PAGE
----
Mechanical aeration throughout the container is also used in one embodiment of the invention. This mechanical aeration comprises a small air pump and plastic hoses which extend down through the top 17 and extend along the length of the container 13 at a level a few inches above the bottom panel 19. Each hose has a number of perforations that permit air to bubble up through the water in the container and to the air space 33. This embodiment also has a similar air line in the filter box 15. This mechanical aeration helps to keep the bacterial count down and assists in the clearification of the water and restores liquid oxygen.

While I have illustrated and described the preferred embodiments of our invention, it is to be understood that these are capable of variation and modification, and I, therefore, do not wish to be limited to the precise details set forth, but desire to avail ourselves of such changes and alterations as fall within the purview of the following claims.

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Referenced by
Citing PatentFiling datePublication dateApplicantTitle
US4857184 *Sep 7, 1988Aug 15, 1989Deloach AnthonySelf-contained water treatment system and enclosure
US5160606 *Apr 5, 1991Nov 3, 1992Simone Mitch D DeGray water recovery system with ozone treatment
US5350511 *Jan 29, 1991Sep 27, 1994Yasuyuki SakuradaSewage purification apparatus
US5407562 *Mar 30, 1994Apr 18, 1995Baldino; Daniel W.Water reclaiming apparatus
US5490922 *Sep 24, 1993Feb 13, 1996Romag Rohren Und Maschinen AgWaste water plant with built-in mesh screen unit
US5498330 *Nov 15, 1993Mar 12, 1996Delle Cave; Steven F.Gray water reclamation system including plural filtration steps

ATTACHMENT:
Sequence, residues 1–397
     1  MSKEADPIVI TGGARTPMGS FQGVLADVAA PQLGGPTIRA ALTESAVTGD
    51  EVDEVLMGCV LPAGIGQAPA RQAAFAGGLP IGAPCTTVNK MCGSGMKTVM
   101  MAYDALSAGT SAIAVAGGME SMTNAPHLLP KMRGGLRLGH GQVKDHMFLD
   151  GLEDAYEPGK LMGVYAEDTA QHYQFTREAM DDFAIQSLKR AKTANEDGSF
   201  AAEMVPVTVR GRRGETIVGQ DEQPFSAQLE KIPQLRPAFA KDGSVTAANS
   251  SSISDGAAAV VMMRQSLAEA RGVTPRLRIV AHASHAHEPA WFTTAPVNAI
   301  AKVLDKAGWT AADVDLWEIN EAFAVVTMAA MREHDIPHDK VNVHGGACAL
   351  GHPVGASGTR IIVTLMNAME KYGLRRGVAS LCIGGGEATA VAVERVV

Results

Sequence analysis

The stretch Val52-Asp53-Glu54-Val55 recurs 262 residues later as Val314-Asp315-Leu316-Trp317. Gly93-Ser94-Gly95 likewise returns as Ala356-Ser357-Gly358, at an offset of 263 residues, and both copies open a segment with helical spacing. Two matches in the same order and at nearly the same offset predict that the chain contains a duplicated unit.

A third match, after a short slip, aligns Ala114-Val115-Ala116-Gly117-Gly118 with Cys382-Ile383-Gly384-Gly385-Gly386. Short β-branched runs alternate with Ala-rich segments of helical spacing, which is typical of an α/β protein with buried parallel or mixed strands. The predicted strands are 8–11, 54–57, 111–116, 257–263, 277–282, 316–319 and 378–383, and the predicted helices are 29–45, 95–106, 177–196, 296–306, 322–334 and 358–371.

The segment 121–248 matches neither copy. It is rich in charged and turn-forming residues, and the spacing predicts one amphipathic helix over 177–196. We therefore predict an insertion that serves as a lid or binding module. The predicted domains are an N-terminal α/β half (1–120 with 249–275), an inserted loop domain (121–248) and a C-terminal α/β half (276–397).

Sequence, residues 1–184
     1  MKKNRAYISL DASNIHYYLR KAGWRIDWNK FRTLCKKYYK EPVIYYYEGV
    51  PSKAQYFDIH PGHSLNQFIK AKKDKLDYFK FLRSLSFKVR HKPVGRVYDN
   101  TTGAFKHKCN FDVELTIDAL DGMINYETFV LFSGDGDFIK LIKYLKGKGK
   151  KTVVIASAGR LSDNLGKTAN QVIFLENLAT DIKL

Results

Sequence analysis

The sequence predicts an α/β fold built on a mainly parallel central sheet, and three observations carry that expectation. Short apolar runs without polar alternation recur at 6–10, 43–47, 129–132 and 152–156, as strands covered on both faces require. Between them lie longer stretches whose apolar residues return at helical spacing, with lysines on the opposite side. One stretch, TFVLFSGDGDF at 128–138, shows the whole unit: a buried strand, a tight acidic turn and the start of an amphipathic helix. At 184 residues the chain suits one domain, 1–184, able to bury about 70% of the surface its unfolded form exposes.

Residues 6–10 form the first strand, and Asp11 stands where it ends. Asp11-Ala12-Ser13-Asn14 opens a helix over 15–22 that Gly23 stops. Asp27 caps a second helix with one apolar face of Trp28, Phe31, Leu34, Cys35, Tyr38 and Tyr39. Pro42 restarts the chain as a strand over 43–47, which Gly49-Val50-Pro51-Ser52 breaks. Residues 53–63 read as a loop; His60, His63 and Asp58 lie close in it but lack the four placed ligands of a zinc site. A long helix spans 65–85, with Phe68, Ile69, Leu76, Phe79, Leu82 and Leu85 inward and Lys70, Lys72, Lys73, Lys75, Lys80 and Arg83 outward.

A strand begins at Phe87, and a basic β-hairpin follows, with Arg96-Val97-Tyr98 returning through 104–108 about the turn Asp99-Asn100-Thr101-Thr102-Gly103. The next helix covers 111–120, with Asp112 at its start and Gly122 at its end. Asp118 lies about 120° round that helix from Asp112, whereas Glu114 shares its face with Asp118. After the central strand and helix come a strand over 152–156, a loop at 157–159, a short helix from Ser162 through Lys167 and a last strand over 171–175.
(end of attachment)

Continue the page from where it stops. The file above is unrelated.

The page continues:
US5759387 *Sep 26, 1996Jun 2, 1998Essef CorporationGrey water filter tank recovery system and filter backwashing system
US6193888 *Oct 20, 1998Feb 27, 2001The City Of CalgaryPrimary and secondary clarifier's effluent launder dam
US7674371Mar 5, 2002Mar 9, 2010Frank Rainer KolbWaste water installation with purification device
US8191307Oct 21, 2009Jun 5, 2012Rain Bird CorporationSystem and method for harvested water irrigation
US8377291 *Oct 20, 2011Feb 19, 2013Eckman Environmental CorporationGraywater systems
US20120037234 *Oct 20, 2011Feb 16, 2012Eckman Environmental CorporationGrey water recycling apparatus and methods
EP0030201A1 *Oct 10, 1980Jun 10, 1981Martinez Antonio SanchezImpurities clarification reservoir for combustibles
EP0088237A2 *Feb 4, 1983Sep 14, 1983Carl Kurt Walther GmbH & Co. KGVibrating container for the flocculation of waste water emanating from a tumbling apparatus
EP0514543A1 *Jan 29, 1991Nov 25, 1992SAKURADA, YasuyukiSewage purification apparatus
Classifications
U.S. Classification210/121, 210/532.1, 210/305
International ClassificationC02F1/52, B01D21/00
Cooperative ClassificationC02F1/5281, B01D21/0012, B01D21/10
European ClassificationB01D21/00F, B01D21/10, C02F1/52P